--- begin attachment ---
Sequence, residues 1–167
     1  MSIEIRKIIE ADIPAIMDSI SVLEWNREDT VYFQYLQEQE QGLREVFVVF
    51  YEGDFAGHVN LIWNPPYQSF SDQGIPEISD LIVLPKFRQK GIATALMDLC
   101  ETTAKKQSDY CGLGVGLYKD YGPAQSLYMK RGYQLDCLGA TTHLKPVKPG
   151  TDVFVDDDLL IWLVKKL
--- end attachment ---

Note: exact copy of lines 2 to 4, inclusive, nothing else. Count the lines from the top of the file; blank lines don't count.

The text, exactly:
     1  MSIEIRKIIE ADIPAIMDSI SVLEWNREDT VYFQYLQEQE QGLREVFVVF
    51  YEGDFAGHVN LIWNPPYQSF SDQGIPEISD LIVLPKFRQK GIATALMDLC
   101  ETTAKKQSDY CGLGVGLYKD YGPAQSLYMK RGYQLDCLGA TTHLKPVKPG